Big bucks in castor oil - Farmers encouraged to ramp up production

March 20, 2017
The castor bean or 'oil nut' as it is also known grows wild across Jamaica.
Aldin Bellinfantie (left) is shown different kinds of castor plant seeds used to make castor oil at the Alternative Energy Expo held at the Jamaica Pegasus hotel last year.

Sherose Senior is puzzled why Jamaica has not tapped into the castor oil market, which is worth about US$200 million.
Like many Jamaicans, Senior has seen the perennial flowering plant, but has not given much thought to doing much with it.
"How would it make Jamaica that much money and the Government hasn't done anything about it?", Senior questioned.
"I think mi auntie mek it. Think it's a seed and them pour olive oil on it. But mi nuh know how them grow it," she added.
Romar Edwards seemed just as unaware of castor oil's potential, but he, too, had a basic understanding of its uses.
"Mi see the tree them already, but mi think it grow wild. Them use it steam hair, use it on the skin. Old people would say, use  it for washout," Edwards told THE STAR.
Nonetheless, the castor bean is touted as a perpetual product that Jamaicans should aim to cultivate on a wider scale.
Interim President of Jamaica Castor Industry and castor bean farmer Joel Harris told THE STAR that castor and, more specifically, the Jamaican black castor oil, may be used for a variety of medical and beautification purposes. However, not many Jamaicans are involved in the growing of the crop.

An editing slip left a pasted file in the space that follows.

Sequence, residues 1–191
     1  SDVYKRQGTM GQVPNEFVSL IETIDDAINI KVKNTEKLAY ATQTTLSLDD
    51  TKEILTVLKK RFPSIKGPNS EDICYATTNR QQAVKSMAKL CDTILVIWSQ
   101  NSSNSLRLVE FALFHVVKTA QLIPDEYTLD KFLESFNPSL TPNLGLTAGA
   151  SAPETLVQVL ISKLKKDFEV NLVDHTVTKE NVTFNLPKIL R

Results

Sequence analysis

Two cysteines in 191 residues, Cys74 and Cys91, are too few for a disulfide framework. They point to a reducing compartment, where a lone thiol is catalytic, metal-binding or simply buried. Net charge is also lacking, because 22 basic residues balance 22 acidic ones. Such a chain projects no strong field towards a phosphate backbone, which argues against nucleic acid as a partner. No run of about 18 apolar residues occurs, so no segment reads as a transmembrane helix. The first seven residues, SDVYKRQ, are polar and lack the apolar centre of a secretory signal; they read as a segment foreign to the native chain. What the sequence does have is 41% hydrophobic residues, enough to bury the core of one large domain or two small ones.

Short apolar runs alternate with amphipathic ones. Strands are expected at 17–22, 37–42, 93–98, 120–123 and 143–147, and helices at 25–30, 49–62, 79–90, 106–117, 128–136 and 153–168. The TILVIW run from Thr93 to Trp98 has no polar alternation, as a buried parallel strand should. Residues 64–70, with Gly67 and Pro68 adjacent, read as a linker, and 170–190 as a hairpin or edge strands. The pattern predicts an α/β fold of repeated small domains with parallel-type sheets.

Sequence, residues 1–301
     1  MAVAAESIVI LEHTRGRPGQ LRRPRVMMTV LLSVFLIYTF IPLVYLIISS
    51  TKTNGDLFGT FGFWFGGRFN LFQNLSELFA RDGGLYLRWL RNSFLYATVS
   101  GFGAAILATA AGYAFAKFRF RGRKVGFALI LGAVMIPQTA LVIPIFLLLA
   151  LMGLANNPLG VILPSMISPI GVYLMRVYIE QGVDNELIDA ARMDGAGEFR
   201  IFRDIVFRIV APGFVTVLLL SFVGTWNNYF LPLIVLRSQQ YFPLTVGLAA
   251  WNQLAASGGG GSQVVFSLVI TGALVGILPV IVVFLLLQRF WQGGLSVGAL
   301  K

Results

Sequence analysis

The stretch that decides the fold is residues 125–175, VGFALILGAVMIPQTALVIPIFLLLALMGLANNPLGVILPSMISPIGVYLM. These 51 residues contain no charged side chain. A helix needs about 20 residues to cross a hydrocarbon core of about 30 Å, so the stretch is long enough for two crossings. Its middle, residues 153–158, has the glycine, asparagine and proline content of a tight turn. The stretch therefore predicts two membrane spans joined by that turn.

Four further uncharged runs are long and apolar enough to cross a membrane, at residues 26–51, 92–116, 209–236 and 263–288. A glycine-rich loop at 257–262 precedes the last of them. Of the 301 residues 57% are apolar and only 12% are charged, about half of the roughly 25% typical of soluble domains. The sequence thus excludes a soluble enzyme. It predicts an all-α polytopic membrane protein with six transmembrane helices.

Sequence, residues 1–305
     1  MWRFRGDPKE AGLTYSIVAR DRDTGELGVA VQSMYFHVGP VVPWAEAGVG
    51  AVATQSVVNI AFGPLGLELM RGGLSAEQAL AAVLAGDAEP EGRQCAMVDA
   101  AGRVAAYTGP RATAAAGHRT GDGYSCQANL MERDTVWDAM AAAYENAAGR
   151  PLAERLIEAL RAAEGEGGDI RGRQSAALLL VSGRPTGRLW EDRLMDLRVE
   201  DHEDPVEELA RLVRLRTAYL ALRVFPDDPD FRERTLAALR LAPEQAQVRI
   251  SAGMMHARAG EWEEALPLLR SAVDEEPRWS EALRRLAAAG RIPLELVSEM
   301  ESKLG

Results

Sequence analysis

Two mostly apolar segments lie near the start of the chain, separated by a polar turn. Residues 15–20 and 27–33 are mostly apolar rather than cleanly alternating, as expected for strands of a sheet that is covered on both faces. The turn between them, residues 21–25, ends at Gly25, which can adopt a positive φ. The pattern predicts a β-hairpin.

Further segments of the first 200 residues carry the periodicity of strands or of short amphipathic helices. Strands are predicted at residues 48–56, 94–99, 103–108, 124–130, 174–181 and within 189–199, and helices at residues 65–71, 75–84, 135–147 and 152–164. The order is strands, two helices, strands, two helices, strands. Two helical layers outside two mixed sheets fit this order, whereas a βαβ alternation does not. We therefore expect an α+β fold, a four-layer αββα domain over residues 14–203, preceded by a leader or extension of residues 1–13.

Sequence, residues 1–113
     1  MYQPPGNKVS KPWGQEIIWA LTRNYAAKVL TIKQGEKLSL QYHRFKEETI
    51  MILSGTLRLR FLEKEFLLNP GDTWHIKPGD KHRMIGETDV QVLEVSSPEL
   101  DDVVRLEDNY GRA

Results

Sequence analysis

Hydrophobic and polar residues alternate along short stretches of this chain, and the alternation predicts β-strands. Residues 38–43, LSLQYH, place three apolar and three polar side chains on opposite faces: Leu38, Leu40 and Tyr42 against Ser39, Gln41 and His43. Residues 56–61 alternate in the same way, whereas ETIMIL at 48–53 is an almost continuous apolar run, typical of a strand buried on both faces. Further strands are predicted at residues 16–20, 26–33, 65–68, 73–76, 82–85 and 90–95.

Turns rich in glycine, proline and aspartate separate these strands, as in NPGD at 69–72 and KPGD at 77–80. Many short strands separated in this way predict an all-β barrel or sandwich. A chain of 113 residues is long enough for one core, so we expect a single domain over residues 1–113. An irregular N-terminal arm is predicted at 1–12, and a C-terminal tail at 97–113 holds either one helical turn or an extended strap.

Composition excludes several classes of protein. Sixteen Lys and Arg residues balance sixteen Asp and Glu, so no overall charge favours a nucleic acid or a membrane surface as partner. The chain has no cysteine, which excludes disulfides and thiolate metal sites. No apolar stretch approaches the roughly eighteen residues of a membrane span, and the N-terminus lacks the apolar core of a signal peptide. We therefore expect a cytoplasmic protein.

"Jamaican black castor oil is something you take internally, and it helps you to expel or detoxify or as Jamaicans would say, washout. It has evolved from that to cosmetic uses and personal care uses," Harris said.
"It is able to go into hair, as it may strengthen your hair - makes it grow longer, thicker and more lush. Also, it has been used to soothe scars. I have also heard other testaments from people who use it on their skin to cure stretch marks, and their skin became smooth and clean," he explained.
Castor oil has been a home remedy for many Jamaicans and has been passed on through tradition from grandmothers and grandfathers to their children and grandchildren. It has great earning potential for Jamaica.
According to Harris, Jamaican castor oil is valued at between US$80 million and US$100 million in the American market, and has the potential of earning up to US$200 million globally.
However, he said other countries are unfairly profiting from the Jamaican brand.
"The problem is that countries like China, India, Haiti, as well as African nations, are creating oils and labelling them as Jamaican black castor oil and capitalising on Brand Jamaica," Harris said.
As part of their drive to encourage the wide-scale production of castor in Jamaica, the Jamaican Castor Industry is a part of Jamaica Baptist Union economic development initiative to increase the production of castor beans. Called the National Grow Castor Bean Project, the initiative is set to be launched on Wednesday at the Terra Nova Hotel.
Government Minister Daryl Vaz will be the guest speaker.



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